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Old 03-06-08, 03:43 PM   #1
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Building up a fixed gear


my bike was recently stolen (who knows how, it was properly locked and everything), and i had the idea that i'd spend at least a part of my summer building up a fixed gear for myself. it would be partly for the function of having a bike up at school here next year, but largely for me having something fun to do with my summer. so my question is, how possible would it be for me to do it, getting ebay parts, etc from scratch? i have no bicycle-specific mechanical work, but i have done assorted work on cars, and i'd say i'm reasonably intelligent when it comes to things of that nature, but again, i have no idea what's in store since i haven't done any work of the kind. money isn't a huge issue, but i'd like it to not be terribly expensive or anything. mainly my question is whether or not it would be possible/enjoyable for me to try do this (of course with the forum's help at every turn )?
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Old 03-06-08, 03:57 PM   #2
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It is very possible and very enjoyable. If you are looking to do it cheaply however, I would not recommend doing it one part at a time from ebay. Your best bet is to find a donor bike in good condition and convert it. You can make yourself a great bike for very little money this way.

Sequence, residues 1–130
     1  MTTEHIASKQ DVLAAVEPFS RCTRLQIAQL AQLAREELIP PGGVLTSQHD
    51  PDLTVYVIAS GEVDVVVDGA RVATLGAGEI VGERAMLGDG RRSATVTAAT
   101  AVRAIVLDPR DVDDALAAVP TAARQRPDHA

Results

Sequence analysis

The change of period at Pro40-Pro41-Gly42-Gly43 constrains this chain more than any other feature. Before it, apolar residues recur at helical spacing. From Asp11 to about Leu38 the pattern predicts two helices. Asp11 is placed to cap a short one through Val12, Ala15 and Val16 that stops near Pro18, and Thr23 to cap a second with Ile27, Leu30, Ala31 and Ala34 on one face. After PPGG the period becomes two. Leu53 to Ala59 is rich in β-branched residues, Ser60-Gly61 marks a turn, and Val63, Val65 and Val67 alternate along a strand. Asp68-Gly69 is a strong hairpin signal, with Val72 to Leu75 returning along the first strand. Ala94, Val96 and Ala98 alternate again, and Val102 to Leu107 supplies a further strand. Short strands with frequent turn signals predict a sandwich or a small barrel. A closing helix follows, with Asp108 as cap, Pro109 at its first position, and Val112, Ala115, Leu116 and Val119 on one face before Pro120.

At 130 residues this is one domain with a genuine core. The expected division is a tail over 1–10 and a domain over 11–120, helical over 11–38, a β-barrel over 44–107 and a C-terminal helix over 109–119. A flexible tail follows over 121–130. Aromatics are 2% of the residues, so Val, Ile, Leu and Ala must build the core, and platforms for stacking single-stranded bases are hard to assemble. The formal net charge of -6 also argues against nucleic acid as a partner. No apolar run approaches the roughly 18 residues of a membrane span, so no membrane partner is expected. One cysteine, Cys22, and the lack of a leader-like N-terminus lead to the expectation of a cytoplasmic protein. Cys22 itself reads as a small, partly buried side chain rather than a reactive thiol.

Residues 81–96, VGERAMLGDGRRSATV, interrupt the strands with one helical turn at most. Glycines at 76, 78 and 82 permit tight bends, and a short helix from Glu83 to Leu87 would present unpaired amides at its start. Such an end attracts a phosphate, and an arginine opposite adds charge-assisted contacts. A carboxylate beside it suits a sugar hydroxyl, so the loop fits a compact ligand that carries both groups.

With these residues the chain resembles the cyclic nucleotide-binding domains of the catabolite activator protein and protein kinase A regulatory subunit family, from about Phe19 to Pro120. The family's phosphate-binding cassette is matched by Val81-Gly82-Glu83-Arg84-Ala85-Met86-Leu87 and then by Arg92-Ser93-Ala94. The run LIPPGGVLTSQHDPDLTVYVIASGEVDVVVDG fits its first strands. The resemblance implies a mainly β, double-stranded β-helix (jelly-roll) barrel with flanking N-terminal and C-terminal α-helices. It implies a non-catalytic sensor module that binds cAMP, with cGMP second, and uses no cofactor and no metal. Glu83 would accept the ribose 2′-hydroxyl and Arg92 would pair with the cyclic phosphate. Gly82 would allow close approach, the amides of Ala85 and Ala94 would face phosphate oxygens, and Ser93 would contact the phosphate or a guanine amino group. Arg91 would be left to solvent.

You might want to look here for some inspiration:
All of the bikes were built for under $150

If you have a community bike shop or co-op, they will be a great resource and many will allow you to build a bike in exchange for volunteering. They also have tools you can use.

If you don't have a community shop or someone who can lend you tools, you will want to pick up a basic tool kit like this one: and some grease and lubricant. These will pay for themselves almost from day one.

Finally, some great how to resources include Sheldon Brown's Website:

Fixed Gear Gallery's Bob's Garage videos:

And of course, all the great people here! You're about to have lots of fun. Welcome to Bike Forums, and welcome to wrenching.

P.S. two other things. First, Be careful, wrenching is addictive. Second, make sure your camera is handy. We love to see your pictures as much as we love to show off our own!
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Old 03-06-08, 05:28 PM   #3
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Welcome! Huerro covered the basics pretty well. Building a bike is not too terribly hard. I also came from a background of working on cars, and bikes are even easier to work on than cars.

My biggest caution involves the cost: building a bike from scratch can add up. My first build was my Cannondale singlespeed, and I started with the frame. By the time I was done, I was over $500. It's a great bike to ride, but it was way over my initial budget. If you start with a complete donor bike you can do it a lot more cheaply.

Do some reading and research and you'll find a lot of good info! The people here in C&V tend to be very helpful and friendly, too.
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